Can I get Charity Care benefits to pay for my hospital bill?
Federal and state laws require hospitals to provide you certain types of medical care for free or at a reduced cost if you cannot afford to pay for the medical treatment. Charity Care covers “medically necessary” treatment, including inpatient hospital stays and emergency room visits. #5909EN
- Read this only if you live in Washington State or got care in a Washington State hospital.
Federal and state laws require hospitals to provide you certain types of care for free or at a lower cost if you cannot afford to pay for. Charity Care covers “medically necessary” treatment. This includes inpatient hospital stays and emergency room visits.
Some hospitals have a different name for their Charity Care program. They may call it, for example, Bridge Assistance or Financial Assistance.
- Charity Care may not cover medical provider services who are not considered part of the hospital’s medical staff or visits to a hospital’s outpatient clinics. Examples: It does not cover radiologists or anesthesiologists who work in the emergency room but are not employed by the hospital.
Every hospital that offers Charity Care must do all of these things:
- Post a notice about Charity Care in the emergency room, admissions area, and the financial service or billing areas that are open to patients
- Give a patient Charity Care information at intake or discharge
- Post a plain language summary of the hospital’s current Charity Care policy and the application form on the hospital’s website
- Provide the summary and application in all languages spoken by more than 10% of the population served by the hospital
- Give a patient Charity Care information in every billing statement
- Provide all billing statements and written communications in both English and the second most spoken language in the hospital’s service area
Not all hospitals provide notice of Charity Care, even though the law requires them to. Sometimes notice is provided but you do not see it. When you are very sick, you may not be focused on notices or forms you are signing.
- Always ask if there is Charity Care or financial assistance and apply.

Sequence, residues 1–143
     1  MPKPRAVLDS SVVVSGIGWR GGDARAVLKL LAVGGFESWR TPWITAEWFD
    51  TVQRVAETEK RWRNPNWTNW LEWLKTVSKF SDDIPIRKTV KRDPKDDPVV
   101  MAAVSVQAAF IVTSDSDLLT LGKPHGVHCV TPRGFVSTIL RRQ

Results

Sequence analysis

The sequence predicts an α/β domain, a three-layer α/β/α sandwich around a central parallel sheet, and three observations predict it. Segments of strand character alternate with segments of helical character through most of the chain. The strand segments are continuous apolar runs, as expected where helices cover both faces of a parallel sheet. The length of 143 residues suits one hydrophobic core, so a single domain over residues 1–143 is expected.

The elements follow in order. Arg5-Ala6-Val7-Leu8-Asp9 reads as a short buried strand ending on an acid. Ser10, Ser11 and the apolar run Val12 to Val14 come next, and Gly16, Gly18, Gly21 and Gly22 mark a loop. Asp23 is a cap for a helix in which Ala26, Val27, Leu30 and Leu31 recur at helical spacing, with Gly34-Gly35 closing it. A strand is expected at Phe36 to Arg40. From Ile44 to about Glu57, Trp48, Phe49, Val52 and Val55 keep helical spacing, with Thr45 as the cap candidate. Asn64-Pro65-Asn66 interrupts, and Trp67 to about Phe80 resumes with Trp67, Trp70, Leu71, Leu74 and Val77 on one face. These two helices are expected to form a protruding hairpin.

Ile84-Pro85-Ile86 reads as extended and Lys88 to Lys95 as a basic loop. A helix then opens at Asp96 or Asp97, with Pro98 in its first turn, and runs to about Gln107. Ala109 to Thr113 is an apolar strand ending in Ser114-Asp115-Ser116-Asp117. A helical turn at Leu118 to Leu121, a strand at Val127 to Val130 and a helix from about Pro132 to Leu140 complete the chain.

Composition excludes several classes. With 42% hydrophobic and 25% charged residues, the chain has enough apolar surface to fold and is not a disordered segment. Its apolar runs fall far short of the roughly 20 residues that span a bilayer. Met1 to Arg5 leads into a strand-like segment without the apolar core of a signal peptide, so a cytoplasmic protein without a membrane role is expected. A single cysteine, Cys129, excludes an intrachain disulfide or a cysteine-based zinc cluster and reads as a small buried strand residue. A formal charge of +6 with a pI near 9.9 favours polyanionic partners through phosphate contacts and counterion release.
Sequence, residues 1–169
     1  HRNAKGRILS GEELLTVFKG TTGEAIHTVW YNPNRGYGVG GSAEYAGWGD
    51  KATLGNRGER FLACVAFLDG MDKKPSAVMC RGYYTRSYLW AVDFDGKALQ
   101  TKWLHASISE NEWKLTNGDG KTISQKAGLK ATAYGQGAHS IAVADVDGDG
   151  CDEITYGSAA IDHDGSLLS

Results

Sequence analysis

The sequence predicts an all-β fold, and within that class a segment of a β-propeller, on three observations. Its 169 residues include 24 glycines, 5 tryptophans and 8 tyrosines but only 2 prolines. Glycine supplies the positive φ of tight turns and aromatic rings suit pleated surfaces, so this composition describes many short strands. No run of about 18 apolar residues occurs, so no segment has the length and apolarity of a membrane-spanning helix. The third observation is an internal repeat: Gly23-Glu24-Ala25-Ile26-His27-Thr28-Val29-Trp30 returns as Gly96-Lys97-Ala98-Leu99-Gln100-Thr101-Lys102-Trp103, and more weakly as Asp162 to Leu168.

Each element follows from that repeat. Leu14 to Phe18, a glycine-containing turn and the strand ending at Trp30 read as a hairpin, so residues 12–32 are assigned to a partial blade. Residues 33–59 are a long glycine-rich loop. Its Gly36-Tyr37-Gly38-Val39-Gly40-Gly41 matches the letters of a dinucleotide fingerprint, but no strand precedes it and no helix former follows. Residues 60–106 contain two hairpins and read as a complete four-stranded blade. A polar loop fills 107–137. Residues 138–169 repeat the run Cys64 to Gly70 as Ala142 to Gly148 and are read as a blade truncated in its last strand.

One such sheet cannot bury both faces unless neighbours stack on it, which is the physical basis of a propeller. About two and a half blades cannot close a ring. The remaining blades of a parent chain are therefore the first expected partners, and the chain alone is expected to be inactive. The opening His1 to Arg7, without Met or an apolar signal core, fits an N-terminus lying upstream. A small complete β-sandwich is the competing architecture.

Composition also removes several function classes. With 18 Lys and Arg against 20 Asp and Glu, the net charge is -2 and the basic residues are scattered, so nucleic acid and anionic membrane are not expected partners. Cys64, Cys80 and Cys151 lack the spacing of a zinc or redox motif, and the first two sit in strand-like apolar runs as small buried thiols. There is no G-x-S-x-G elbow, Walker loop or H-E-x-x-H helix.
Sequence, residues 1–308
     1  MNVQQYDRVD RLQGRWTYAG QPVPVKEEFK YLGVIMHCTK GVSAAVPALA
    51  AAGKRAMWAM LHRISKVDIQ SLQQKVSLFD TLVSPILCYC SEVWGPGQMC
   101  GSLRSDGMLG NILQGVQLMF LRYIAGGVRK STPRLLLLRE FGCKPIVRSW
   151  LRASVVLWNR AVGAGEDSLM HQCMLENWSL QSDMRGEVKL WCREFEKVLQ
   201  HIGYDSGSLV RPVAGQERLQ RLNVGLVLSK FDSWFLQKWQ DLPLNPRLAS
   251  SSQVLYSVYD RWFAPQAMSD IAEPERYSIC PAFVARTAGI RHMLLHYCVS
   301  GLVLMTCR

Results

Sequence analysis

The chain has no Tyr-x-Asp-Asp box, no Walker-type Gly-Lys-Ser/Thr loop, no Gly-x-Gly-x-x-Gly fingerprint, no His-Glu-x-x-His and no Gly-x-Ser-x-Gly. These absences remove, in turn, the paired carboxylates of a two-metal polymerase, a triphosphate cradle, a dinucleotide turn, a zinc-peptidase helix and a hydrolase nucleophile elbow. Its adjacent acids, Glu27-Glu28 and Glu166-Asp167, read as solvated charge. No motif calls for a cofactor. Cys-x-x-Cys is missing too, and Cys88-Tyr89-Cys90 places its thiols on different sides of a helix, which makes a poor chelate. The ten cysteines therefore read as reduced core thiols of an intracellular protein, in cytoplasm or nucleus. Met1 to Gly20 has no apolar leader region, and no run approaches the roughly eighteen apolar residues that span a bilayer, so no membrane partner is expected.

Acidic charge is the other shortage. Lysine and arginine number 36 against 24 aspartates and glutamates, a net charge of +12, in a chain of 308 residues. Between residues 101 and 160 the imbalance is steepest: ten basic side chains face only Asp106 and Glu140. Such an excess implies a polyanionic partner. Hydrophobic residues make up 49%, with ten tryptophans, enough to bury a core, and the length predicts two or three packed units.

If you are not given an application form when you are admitted to or discharged from the hospital, you can get one from the hospital’s billing office. You can also ask the hospital to mail you the form, or you can get it on the hospital’s website. You can ask for Charity Care at any time.
It depends. How much Charity Care you may get depends on your income and household size. It also depends on when you got the hospital care. Keep reading to learn more.
If you have Medicaid, Medicare, or other medical insurance, you must use those benefits first.
If your household income is below 100% of the Federal Poverty Level, the hospital must completely cover (write off) your eligible hospital bill.
If your household income is more than 100% of the Federal Poverty Level, you may get some of your hospital bill reduced.
If your income is at or below 200% of the Federal Poverty Level, the hospital must write off your eligible hospital bill, no matter the hospital’s size.
If your income is more than 200% of the Federal Poverty Level, you may get some of your hospital bill covered or reduced, depending on the hospital’s size.
If you got care from a large hospital:
- The hospital must write off the entire bill if your income is not more than 300% of the federal poverty level (FPL), adjusted for family size.
- The hospital must write off 75% of the bill if your income is between 301% and 350% of the FPL, adjusted for family size.
- The hospital must write off 50% of the bill if your income is between 351% and 400% of the FPL, adjusted for family size.
If you got care from a smaller hospital, which includes all hospitals that do not meet the criteria for the first category:
- The hospital must write off the entire bill if your income is not more than 200% of the federal poverty level (FPL), adjusted for family size.
- The hospital must write off 75% of the bill if your income is between 201% and 250% of the FPL, adjusted for family size.
- The hospital must write off 50% of the bill if your income is between 251% and 300% of the FPL, adjusted for family size.
* Each hospital has its own Charity Care policy. To see your hospital’s Charity Care policy, you can find it in the statewide list, or call the hospital to ask for a copy of it. Even if you are not sure you are eligible for Charity Care, you should apply. Hospitals can give Charity Care discounts of up to 400% of the federal poverty level.
* All patients, if otherwise eligible, can get Charity Care, regardless of citizenship status.
The hospital first makes an initial determination of eligibility based on information you verbally give it.
After the hospital makes this initial determination, you must give the hospital proof of your income, and your assets, depending on your household’s income.
Here are some examples of proof of income:
- Pay stubs
- Income tax returns from the past year
- W-2 statements from your employer
- Social Security or Unemployment income statements